‘That made a big impression on the boys and inspired all of us. Seeing Mr Mandela celebrating with us after the game remains one of my favourite memories.

‘What was really special was being able to meet Mr Mandela at his home after my wife and I returned from the UK in 1999. He reminded me about the role I had played at the World Cup, which was important in unifying South Africa. I was very lucky to spend time with this special man, who has done so much for this country. It was a huge honour indeed.’


‘I was fortunate enough to be invited to have lunch with Mr Nelson Mandela along with Springbok manager Arthob Peterson and captain Gary Teichmann. He wanted to congratulate us on our 1998 Tri-Nations title and the 17 wins in a row, which had equalled the world record.

‘Receiving his congratulations remains my proudest moment as national coach. I felt incredibly privileged to spend time with him. I remember being in awe of his capacity to forgive and feeling that we, as South Africans, were incredibly lucky that he had chosen reconciliation rather than revenge. I remember his humility and his ability to have time for the common man, and his sense of humour and fun.

‘We had a two-hour lunch and discussed the pressure he had been under from the ANC executive committee after he was released. They were not certain reconciliation was the right strategy. He absolutely believed that if he could show the Afrikaans community he was right behind the Springboks, it would help them feel part of  the new South Africa. We also spoke about his love of sport and boxing in particular – he admired Muhammad Ali and George Foreman. He also spoke about the unifying influence of sport for a nation and how he could see our national teams being catalysts for bringing South Africa together.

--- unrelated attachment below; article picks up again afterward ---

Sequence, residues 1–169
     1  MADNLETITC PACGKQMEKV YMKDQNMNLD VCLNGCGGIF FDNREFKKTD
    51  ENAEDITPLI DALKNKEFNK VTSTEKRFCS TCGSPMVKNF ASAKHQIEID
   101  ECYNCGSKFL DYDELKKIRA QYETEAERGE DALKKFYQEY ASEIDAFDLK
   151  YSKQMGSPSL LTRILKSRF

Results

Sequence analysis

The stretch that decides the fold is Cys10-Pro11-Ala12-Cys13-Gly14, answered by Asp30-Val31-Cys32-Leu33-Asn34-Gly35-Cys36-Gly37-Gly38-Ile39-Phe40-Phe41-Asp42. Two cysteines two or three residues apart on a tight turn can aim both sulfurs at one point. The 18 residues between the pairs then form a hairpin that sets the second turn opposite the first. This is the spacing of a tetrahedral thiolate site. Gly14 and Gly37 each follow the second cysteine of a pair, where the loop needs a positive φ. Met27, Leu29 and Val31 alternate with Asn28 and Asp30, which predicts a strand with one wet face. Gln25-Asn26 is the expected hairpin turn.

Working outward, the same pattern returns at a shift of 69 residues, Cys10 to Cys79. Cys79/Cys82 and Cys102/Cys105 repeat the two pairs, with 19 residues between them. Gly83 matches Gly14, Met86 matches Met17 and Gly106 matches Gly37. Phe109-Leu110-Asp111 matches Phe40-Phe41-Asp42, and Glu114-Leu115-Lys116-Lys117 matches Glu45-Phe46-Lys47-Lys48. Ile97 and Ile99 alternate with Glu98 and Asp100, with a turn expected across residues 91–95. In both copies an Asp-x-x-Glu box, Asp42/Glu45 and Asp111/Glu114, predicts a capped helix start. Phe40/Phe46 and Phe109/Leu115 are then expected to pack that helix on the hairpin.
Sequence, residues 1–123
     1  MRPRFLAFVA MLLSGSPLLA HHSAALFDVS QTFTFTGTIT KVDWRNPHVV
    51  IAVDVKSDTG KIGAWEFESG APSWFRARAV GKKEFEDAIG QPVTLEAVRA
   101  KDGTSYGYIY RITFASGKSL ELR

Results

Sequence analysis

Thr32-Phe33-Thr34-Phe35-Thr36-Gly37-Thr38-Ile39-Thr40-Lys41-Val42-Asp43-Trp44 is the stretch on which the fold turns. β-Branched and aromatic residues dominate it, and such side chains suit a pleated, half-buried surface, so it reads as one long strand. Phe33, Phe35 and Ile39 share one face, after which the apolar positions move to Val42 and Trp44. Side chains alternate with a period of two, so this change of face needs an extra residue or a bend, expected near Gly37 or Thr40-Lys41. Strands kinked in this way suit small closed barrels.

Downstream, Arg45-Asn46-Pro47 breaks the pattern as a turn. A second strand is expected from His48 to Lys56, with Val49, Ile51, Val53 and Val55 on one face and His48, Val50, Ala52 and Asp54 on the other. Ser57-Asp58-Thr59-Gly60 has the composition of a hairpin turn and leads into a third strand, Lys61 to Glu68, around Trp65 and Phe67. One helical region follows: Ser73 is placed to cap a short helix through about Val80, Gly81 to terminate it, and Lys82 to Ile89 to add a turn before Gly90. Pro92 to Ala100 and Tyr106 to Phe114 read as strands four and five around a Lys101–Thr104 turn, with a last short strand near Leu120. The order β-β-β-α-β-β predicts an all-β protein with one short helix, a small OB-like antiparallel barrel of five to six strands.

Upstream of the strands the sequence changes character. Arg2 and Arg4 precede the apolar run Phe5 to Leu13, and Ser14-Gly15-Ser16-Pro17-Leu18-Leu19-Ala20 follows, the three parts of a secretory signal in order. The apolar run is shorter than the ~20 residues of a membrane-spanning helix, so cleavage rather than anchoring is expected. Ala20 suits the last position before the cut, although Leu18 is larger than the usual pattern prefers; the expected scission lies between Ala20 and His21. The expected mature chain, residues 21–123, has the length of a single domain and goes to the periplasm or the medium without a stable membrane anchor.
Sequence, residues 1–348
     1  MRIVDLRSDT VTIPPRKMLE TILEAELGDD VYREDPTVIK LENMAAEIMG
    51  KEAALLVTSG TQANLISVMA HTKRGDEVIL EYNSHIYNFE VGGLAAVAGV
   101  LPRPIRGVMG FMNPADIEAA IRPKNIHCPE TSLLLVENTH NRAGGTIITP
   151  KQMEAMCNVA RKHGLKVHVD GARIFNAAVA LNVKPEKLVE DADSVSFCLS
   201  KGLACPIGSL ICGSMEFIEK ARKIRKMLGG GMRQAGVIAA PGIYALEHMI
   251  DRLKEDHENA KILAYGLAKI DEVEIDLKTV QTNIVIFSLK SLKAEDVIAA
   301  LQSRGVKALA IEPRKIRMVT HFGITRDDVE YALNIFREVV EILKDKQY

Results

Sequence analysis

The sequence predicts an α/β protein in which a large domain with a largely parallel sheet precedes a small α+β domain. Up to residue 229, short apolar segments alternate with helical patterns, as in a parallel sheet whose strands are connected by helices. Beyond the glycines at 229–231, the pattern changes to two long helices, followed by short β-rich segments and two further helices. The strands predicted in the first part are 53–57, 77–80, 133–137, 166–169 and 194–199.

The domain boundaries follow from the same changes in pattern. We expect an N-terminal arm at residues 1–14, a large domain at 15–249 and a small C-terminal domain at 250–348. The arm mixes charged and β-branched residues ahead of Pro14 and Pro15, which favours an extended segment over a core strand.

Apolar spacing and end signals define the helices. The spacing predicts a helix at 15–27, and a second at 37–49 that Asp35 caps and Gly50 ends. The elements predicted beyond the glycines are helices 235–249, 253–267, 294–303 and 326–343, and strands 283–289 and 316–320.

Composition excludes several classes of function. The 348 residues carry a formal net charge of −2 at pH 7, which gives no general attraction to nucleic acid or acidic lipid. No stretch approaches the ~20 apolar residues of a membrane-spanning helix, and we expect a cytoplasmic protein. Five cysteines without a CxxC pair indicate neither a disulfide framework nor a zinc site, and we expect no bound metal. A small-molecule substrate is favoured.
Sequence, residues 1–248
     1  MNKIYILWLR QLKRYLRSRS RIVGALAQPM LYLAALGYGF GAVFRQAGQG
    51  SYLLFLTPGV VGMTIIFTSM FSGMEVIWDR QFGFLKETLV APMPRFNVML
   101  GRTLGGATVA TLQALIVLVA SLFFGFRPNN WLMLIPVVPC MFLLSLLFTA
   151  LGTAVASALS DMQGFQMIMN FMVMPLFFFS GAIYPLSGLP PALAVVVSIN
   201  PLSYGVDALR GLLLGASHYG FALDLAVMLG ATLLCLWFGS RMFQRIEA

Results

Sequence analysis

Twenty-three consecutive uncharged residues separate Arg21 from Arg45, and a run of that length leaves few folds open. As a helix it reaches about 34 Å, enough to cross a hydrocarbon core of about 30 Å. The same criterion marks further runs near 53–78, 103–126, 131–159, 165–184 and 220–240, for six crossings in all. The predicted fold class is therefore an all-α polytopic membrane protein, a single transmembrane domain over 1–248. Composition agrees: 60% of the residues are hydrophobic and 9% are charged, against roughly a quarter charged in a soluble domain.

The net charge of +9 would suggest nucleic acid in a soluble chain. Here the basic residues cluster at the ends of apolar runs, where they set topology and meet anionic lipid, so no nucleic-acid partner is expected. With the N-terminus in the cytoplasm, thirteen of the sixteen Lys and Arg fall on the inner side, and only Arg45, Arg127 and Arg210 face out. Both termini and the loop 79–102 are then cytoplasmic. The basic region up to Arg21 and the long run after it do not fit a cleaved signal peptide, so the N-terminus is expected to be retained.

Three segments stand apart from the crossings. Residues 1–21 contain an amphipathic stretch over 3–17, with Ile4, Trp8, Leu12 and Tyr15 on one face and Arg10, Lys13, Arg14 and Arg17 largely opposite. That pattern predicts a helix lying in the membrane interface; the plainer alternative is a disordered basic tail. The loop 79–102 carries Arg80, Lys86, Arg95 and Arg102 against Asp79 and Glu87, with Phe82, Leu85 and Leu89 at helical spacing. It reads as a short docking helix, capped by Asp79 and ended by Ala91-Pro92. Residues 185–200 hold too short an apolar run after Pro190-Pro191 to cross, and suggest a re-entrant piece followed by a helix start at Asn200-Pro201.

‘His obvious support of the Springbok team during the 1995 World Cup had a massive influence in encouraging the majority of the population to support the Springboks. Without this generosity of spirit, I have no doubt it would have been far more difficult for the Springboks to win over support from all population groups.’


‘As a youngster, I followed the 1995 World Cup very closely and remember seeing how Mr Nelson Mandela brought South Africa together and inspired the Springboks. What stood out for me was that he was not bitter after spending 27 years in jail. He didn’t want revenge. Instead, his main goal was to unify the nation, which he achieved.

‘I was lucky enough to relive those memories of the 1995 World Cup as I was part of the Springbok side that won the 2007 tournament. I remember how we were inspired after meeting with Mr Mandela before the tournament. We also got to celebrate with him when we returned home. I remember how proud he was of us. He told us that winning the title had played a big part in the growth of this beautiful country.

‘Mr Mandela is a true ambassador of South Africa. I will never forget what he did for us.’


‘I was lucky to not only meet Mr Nelson Mandela several times, but to experience his kind human nature and develop a strong bond with him during my Springbok career. It was easy for me to see why he’s so loved by many – his aura and the way he spoke made me feel so comfortable around him.

‘After being named Bok captain in 2003, I got to meet Madiba every year, which proved to be the start of a friendship. The most sentimental moment came in 2006, after the birth of my daughter. I was on my way to a Sharks training session in Durban, and had just turned on to the M4 when I received a call. The person on the other side said Nelson Mandela wanted to talk to me. I was sure someone was pulling my leg – I didn’t think a person of his stature would go out of his way to try and get through to me. But I agreed nonetheless, and was surprised to hear his voice. He congratulated me on the birth of my first child and gave me advice on what to expect. It’s a conversation I’ll never forget.’